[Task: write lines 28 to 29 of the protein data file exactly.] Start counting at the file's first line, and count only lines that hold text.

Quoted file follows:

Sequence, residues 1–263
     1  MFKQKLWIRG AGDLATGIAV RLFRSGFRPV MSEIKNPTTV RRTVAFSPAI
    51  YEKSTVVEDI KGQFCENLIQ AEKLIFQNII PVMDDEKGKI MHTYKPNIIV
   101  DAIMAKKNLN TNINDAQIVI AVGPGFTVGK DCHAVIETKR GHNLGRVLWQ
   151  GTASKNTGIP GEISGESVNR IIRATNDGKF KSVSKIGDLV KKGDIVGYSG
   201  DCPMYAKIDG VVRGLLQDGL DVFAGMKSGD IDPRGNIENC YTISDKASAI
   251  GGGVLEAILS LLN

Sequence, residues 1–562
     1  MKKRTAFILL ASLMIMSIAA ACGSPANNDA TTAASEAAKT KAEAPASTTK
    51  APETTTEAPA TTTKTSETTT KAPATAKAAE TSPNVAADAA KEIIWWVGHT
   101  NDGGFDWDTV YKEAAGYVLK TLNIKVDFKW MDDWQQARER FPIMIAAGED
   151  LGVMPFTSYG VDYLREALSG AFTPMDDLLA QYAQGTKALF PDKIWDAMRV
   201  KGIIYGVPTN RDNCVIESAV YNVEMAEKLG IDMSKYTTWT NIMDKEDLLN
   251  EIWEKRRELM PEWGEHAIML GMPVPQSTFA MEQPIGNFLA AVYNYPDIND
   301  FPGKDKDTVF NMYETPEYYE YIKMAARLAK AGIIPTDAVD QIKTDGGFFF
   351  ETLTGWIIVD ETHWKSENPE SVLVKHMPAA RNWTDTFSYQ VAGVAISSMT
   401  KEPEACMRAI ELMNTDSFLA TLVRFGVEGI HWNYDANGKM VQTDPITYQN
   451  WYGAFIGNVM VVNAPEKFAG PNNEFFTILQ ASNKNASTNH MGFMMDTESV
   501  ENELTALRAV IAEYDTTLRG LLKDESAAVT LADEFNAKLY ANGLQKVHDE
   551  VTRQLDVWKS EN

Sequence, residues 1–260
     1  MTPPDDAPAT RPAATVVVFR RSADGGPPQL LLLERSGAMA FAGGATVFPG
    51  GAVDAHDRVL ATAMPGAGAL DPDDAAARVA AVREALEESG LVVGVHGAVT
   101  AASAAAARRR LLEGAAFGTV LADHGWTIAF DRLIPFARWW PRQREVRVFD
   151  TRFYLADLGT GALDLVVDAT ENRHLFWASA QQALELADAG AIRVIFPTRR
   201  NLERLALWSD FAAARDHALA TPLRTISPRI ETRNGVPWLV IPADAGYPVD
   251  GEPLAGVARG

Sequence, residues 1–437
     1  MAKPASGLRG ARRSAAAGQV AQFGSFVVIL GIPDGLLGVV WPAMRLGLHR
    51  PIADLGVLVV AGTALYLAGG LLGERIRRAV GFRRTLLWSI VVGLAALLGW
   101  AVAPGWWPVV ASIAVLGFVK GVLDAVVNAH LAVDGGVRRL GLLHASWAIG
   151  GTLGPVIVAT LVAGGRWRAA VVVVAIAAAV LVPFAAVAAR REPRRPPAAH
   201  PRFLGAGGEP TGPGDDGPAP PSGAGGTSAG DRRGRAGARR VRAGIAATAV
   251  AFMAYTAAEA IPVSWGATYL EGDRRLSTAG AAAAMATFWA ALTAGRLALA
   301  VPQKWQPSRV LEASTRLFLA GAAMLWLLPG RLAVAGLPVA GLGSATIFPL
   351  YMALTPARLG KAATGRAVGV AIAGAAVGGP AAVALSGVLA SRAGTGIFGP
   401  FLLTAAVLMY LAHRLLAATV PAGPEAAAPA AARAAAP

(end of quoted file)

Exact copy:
Sequence, residues 1–437
     1  MAKPASGLRG ARRSAAAGQV AQFGSFVVIL GIPDGLLGVV WPAMRLGLHR